Prof. Tony O'Hagan
Emeritus Professor of Statistics, School of Mathematics and Statistics, The University of Sheffield
Tuesday, October 10, 2017, 15:30 - 16:30
Building 101, Lecture Room A
Tuesday, October 10, 2017, 13:30 - 14:30
Host: Dr. Jeffrey Fong
Abstract: Complex computational models are employed in almost all areas of science, engineering, industry and even government, in order to predict the behaviour of real-world systems. They are increasingly used to inform commercial or policy decisions with high impacts. And users are therefore increasingly asking how accurate the predictions from such models are.
All models are imperfect and there are many reasons why the predictions will differ from the true values in the real-world system. Therefore, for a given prediction there is uncertainty about the true value, and models do not deserve to be trusted unless the uncertainty is quantified. To do so, it is necessary to quantify all components of uncertainty in the prediction, to create an uncertainty budget.
The field of Uncertainty Quantification has grown rapidly in recent years, ostensibly to address this question. However, most of the work in the field has concentrated on parametric uncertainty, i.e. uncertainty in predictions due to uncertainty about the model inputs, which is only one of several sources of uncertainty. I will begin this talk by presenting a list of uncertainty components, and showing how the use of statistical emulators can address all of these.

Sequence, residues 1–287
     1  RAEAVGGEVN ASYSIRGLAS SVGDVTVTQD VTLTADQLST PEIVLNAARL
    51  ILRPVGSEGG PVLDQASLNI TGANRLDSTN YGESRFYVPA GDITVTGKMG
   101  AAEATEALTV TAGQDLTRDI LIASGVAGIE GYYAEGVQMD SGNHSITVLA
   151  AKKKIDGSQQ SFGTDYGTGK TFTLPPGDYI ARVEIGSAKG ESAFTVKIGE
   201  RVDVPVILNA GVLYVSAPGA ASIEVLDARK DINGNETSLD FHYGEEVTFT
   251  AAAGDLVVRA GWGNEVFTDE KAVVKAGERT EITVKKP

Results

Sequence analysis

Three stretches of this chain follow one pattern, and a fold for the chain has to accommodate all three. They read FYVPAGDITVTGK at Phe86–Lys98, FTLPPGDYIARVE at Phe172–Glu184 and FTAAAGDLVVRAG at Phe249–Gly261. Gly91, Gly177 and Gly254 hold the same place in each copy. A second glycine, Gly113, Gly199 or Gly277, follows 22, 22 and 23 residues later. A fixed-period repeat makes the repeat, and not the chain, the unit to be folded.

The converse of prediction is inversion - observations in the real-world system are used to learn about model inputs. Again, commonly used methods do not take account of all sources of uncertainty. The second part of my talk will show how this leads to bias and over-confidence regarding the parameters of interest.
Bio: Tony O'Hagan obtained his BSc (1969) and PhD (1974) in Statistics from the University of London. Between these two bouts of study, he worked for two years as a practising statistician at the Central Electricity Generating Board. He began his academic career at the University of Dundee in 1973, moving to Warwick University in 1975. He became Professor of Statistics at the University of Nottingham in 1990 and moved to Sheffield in 1999. In 2008 he formally retired from his post at Sheffield, but stayed on part-time until September 2012 to complete the "Managing Uncertainty in Complex Models" project. He is an Emeritus Professor at The University of Sheffield.
Prof. O'Hagan has been able to serve the academic statistics community in a variety of capacities. In particular, he served on the Research Section Committee and the Council of the Royal Statistical Society, and the Board of the International Society for Bayesian Analysis. He was a member of the Peer Review College of the Engineering and Physical Sciences Research Council and the College of Experts of the Medical Research Council. He was a member of the editorial board of Significance Magazine for ten years from its beginning in 2004.
Prof. O'Hagan's research is in the theory and applications of Bayesian statistics. His main areas of research and consulting activity are in the elicitation of expert knowledge, in managing and quantifying uncertainty in the use of complex mechanistic models, and in Bayesian modelling generally. He has been involved in many application areas, particularly in medicine, environmental statistics, asset management and health economics.
Being retired from academic work frees Prof. O'Hagan to be more active as a consultant to government and industry. He is a Chartered Statistician, which is a qualification administered by the Royal Statistical Society that recognises his expertise as a practising statistician. He is a Fellow of the International Society for Bayesian Analysis and a Fellow of the Royal Statistical Society.